The media seems anxious to report negative stories about President Trump and his administration, but falls short in following up on stories.
We’ve seen front page stories of both former FBI Director James Comey’s and Deputy Director Andrew McCabe’s firings. But no reporting that Comey’s leaked memos are “now considered classified, prompting the Justice Department’s watchdog to review the matter.” The inspector general also made a criminal referral of McCabe to the Justice Department for possible indictment.
In Comey’s memos (regarding Russia collusion), Trump told him, “If there were some ‘satellite’ associates of his who did something wrong, it would be good to find that out.”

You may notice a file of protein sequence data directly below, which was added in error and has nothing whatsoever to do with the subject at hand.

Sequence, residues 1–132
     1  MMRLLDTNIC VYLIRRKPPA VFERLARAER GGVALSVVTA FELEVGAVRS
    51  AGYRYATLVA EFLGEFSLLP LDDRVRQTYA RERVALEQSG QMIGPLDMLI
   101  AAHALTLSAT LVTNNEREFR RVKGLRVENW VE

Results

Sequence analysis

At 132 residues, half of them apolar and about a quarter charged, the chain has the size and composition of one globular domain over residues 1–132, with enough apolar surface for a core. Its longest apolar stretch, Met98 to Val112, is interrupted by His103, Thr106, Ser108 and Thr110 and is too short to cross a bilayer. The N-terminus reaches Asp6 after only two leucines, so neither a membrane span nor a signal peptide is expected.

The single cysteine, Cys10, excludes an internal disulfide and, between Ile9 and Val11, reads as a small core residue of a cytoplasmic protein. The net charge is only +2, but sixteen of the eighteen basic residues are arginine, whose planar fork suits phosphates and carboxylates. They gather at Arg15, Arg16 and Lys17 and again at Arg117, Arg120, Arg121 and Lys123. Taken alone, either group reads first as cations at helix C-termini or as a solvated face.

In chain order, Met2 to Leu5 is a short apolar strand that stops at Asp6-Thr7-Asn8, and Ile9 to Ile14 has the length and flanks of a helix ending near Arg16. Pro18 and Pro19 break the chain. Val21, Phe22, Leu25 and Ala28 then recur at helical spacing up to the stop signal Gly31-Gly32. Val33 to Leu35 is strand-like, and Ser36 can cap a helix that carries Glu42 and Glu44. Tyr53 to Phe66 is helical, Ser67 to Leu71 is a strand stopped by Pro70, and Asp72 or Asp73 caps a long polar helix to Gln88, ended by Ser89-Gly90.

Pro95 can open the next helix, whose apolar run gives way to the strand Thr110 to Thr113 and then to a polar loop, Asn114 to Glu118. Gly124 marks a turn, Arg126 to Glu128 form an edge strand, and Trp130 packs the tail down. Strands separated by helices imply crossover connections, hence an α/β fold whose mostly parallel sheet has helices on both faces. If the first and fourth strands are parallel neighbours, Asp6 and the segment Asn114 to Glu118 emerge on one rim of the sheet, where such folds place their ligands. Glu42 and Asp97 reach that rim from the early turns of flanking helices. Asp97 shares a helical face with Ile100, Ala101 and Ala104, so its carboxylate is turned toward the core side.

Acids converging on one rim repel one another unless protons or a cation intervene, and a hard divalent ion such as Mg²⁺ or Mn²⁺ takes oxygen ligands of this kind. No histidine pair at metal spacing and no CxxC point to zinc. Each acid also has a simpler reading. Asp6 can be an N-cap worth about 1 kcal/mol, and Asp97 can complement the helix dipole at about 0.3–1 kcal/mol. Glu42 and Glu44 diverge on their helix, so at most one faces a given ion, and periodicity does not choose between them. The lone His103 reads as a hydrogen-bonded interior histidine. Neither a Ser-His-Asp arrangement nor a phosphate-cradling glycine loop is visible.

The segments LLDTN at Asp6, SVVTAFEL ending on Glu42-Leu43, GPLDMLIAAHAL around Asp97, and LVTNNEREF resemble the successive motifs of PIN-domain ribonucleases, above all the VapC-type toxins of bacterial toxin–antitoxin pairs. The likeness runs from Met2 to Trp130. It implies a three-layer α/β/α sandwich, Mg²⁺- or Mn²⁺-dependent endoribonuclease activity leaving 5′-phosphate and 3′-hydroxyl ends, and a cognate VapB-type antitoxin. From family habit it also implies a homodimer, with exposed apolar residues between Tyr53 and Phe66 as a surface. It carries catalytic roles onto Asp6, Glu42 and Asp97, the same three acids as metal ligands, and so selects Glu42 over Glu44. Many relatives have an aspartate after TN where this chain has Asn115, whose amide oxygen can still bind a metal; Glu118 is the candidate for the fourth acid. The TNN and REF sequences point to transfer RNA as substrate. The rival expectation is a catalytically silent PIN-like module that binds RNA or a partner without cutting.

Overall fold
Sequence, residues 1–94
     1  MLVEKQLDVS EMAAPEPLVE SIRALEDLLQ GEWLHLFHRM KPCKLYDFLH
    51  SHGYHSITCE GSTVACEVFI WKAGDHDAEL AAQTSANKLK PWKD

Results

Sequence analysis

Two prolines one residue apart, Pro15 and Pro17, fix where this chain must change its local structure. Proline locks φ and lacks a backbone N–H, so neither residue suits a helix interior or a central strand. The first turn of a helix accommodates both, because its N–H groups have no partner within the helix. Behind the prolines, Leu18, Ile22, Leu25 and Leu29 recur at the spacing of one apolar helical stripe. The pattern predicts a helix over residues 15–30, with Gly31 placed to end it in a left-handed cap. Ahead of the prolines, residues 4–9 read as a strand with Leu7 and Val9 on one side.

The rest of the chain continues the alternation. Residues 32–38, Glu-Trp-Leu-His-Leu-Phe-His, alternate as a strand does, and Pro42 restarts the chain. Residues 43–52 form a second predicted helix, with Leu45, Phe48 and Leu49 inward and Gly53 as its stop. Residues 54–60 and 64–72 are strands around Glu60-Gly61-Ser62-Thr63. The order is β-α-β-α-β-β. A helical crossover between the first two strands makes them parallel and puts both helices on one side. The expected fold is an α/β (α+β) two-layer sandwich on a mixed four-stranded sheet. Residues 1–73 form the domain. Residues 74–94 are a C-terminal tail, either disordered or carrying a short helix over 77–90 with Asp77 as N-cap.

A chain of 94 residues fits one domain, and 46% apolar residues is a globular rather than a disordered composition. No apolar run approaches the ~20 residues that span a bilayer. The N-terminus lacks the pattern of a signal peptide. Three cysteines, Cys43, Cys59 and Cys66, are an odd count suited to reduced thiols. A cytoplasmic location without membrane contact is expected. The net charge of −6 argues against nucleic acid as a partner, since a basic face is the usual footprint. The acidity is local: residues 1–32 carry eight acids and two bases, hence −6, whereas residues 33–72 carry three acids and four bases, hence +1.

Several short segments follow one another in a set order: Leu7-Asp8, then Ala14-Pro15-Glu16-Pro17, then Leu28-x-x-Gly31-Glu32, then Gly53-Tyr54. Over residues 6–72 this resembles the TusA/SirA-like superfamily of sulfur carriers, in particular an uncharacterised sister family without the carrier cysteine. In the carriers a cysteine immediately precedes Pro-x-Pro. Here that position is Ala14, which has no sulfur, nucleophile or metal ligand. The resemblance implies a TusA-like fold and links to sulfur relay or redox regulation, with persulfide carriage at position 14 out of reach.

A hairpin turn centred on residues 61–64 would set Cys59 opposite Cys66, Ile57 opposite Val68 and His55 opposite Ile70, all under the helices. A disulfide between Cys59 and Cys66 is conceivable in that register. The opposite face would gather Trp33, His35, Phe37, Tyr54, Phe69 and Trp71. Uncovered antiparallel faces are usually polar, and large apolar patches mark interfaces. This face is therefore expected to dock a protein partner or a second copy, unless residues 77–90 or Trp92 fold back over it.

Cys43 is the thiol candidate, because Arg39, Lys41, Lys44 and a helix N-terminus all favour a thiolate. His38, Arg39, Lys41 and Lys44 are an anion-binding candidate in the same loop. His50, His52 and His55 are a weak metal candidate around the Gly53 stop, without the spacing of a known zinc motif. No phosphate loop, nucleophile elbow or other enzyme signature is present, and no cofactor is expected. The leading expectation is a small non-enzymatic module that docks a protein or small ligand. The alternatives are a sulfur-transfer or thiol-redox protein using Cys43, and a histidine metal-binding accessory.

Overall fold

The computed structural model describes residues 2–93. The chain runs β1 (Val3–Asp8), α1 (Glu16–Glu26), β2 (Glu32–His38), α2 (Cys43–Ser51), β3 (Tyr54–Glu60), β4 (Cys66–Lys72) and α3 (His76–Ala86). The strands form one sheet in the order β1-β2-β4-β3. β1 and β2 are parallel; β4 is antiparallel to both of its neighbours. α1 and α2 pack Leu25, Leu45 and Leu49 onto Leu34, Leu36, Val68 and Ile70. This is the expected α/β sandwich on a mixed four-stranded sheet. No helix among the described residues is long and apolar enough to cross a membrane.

None of these stories appeared in The Tribune. The first state dinner of the Trump administration (hosting France) was on page A7. The North Korean leader, for the first time ever, visits South Korea in a summit to negotiate a treaty to have a “nuclear-free Korean Peninsula.” It was relegated to page A5. The lack of follow-up distorts the truth. Media Research Center shows that since his inauguration, the “Big Three” broadcast networks had 90 percent negative coverage of Trump. That’s bias.
Sheila Thompson, Salt Lake City